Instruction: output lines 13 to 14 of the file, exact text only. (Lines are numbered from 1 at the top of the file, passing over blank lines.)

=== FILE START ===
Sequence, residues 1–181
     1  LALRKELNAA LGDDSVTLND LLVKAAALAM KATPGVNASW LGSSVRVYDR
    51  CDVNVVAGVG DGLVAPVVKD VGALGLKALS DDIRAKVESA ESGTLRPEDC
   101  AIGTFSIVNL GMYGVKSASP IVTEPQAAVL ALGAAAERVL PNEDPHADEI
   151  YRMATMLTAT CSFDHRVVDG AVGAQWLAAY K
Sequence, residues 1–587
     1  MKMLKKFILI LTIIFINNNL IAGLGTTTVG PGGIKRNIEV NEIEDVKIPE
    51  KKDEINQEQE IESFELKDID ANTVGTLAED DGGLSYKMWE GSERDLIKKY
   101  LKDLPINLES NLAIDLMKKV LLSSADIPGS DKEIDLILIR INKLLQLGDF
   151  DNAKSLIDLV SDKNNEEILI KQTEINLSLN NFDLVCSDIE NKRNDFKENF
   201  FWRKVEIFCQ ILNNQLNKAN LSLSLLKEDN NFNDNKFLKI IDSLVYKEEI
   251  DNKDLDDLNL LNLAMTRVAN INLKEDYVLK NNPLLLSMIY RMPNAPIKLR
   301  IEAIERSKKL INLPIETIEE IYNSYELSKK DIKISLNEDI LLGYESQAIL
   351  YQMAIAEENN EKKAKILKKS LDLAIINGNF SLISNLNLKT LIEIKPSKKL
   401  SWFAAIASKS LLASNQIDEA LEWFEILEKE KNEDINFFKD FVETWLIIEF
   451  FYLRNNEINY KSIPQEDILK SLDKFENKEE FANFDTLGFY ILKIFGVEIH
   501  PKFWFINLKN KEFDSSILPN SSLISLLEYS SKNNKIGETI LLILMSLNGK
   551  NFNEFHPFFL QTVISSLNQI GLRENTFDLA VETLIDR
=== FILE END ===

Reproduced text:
   301  IEAIERSKKL INLPIETIEE IYNSYELSKK DIKISLNEDI LLGYESQAIL
   351  YQMAIAEENN EKKAKILKKS LDLAIINGNF SLISNLNLKT LIEIKPSKKL